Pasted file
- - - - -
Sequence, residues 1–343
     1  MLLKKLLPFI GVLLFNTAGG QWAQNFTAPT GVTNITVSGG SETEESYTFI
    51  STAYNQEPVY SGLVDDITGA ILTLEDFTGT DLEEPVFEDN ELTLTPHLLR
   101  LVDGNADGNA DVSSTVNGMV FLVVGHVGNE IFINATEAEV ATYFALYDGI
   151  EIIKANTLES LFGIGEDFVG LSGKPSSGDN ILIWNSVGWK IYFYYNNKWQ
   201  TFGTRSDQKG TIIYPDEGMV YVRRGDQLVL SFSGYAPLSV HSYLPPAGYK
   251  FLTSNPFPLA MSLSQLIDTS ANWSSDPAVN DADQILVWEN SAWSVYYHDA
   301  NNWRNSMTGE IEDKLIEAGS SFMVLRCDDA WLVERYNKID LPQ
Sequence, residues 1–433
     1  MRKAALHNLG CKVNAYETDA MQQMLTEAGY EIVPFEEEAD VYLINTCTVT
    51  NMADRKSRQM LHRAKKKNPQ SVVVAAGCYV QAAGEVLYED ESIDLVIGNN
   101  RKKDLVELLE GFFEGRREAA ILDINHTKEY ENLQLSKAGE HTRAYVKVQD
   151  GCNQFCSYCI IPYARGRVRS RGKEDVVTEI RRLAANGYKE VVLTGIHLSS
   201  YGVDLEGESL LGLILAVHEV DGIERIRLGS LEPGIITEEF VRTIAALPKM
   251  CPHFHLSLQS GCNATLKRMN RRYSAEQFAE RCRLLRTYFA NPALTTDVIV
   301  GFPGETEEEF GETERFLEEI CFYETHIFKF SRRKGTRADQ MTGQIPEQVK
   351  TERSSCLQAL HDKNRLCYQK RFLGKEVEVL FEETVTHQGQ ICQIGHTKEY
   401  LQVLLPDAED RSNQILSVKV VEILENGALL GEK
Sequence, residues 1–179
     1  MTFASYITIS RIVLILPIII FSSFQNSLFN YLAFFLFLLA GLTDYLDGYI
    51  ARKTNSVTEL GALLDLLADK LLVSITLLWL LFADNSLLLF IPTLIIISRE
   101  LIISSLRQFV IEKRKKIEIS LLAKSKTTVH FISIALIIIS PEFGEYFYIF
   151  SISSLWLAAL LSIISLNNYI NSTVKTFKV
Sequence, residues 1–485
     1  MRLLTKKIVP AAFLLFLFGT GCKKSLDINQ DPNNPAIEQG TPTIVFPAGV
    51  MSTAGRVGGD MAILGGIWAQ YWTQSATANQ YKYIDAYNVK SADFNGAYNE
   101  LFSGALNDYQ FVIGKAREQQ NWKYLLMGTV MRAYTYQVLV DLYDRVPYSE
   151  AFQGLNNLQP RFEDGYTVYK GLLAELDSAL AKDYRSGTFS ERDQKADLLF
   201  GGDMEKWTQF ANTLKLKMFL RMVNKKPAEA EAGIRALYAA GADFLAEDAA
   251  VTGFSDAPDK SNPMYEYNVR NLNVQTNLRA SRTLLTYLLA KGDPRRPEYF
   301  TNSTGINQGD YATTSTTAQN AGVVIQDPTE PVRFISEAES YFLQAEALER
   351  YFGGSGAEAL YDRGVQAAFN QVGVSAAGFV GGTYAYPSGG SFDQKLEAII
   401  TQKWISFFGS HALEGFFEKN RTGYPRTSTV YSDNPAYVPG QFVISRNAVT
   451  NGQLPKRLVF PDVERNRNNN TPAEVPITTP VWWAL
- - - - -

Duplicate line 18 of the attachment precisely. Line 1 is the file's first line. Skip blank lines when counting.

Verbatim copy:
   401  LQVLLPDAED RSNQILSVKV VEILENGALL GEK